gms | German Medical Science

61. Jahrestagung der Deutschen Gesellschaft für Neurochirurgie (DGNC) im Rahmen der Neurowoche 2010
Joint Meeting mit der Brasilianischen Gesellschaft für Neurochirurgie am 20. September 2010

Deutsche Gesellschaft für Neurochirurgie (DGNC) e. V.

21. - 25.09.2010, Mannheim

Relevant anatomical variations of the origin of the thenar muscles for the operation of carpal tunnel syndrome

Meeting Abstract

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  • Francisco Marin - Klnik für Neurochirurgie, Klinikum Amberg, Deutschland
  • Richard Megele - Klnik für Neurochirurgie, Klinikum Amberg, Deutschland
  • Andrea Kleindienst - Klnik für Neurochirurgie, Universitätsklinikum Erlangen-Nürnberg, Deutschland

Deutsche Gesellschaft für Neurochirurgie. 61. Jahrestagung der Deutschen Gesellschaft für Neurochirurgie (DGNC) im Rahmen der Neurowoche 2010. Mannheim, 21.-25.09.2010. Düsseldorf: German Medical Science GMS Publishing House; 2010. DocP1815

doi: 10.3205/10dgnc286, urn:nbn:de:0183-10dgnc2861

Veröffentlicht: 16. September 2010

© 2010 Marin et al.
Dieser Artikel ist ein Open Access-Artikel und steht unter den Creative Commons Lizenzbedingungen ( Er darf vervielfältigt, verbreitet und öffentlich zugänglich gemacht werden, vorausgesetzt dass Autor und Quelle genannt werden.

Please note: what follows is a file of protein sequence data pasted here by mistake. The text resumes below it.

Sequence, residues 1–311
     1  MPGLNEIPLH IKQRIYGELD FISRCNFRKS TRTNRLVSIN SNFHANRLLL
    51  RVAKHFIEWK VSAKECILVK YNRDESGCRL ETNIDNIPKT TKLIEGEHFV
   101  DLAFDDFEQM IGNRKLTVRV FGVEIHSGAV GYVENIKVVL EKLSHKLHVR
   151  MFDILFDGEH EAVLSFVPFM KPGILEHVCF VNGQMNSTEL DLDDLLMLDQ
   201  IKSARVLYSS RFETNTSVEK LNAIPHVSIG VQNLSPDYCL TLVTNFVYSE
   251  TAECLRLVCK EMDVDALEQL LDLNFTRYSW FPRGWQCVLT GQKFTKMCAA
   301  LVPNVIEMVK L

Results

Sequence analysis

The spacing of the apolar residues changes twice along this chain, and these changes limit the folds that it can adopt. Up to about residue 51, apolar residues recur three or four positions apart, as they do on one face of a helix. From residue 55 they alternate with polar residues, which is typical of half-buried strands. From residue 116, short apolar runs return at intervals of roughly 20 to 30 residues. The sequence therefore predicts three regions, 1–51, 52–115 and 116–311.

Objective: The carpal tunnel syndrome (CTS) is the most frequent entrapment syndrome of peripheral nerves. Within the carpal tunnel, a mismatch between width and content of the tunnel causes a pressure damage of the median nerve. With open surgery und midline incision, beneath the palmar fascia there is sometimes muscle tissue, which has to be transsected before reaching the retinaculum. We wanted to see how often this muscle tissue is present and if there is any correlation to gender, age, electrophysiology und clinical outcome after surgery.

Methods: In our previous autopsy series, the existence of muscle tissue between thenar and hypothenar mostly associated with a variation of very ulnar origin of thenar muscles was confirmed. In 100 consecutive patients diagnosed with CTS and operated on, we examined incidence of muscle origin variations. We recorded patient’s characteristics in order to verify predisposing factors, and followed the patients clinically and neurologically after 1 week and 3 months. Statistical analysis was performed by a rank sum test: CTS patient with variations (CTS+V) versus CTS patient without variations (CTS-V).

Results: In 20 percent of patients, we confirmed the muscle origin variation. One of these patients was operated on both hands, and a bilateral the variation was present. Women (70%) were more often affected than men. Postoperative assessment revealed a higher incidence of symptom relief in the CTS+V groups at 1 week and 3 months. However, neurological function and electrophysiological function did not differ significantly.

Conclusions: We report for the first time about a muscular anomaly of the wrist present in 20% of CTS patients. The surgical minimal incision allows an optimal inspection of the anatomical structures of the CT and the subsequent therapy. Endoscopic methods have to consider the variations to avoid bleeding. The better outcome of CTS-patients with a broad origin of the thenar muscles at the retinaculum may be explained by keeping the tunnel more open with muscle tension.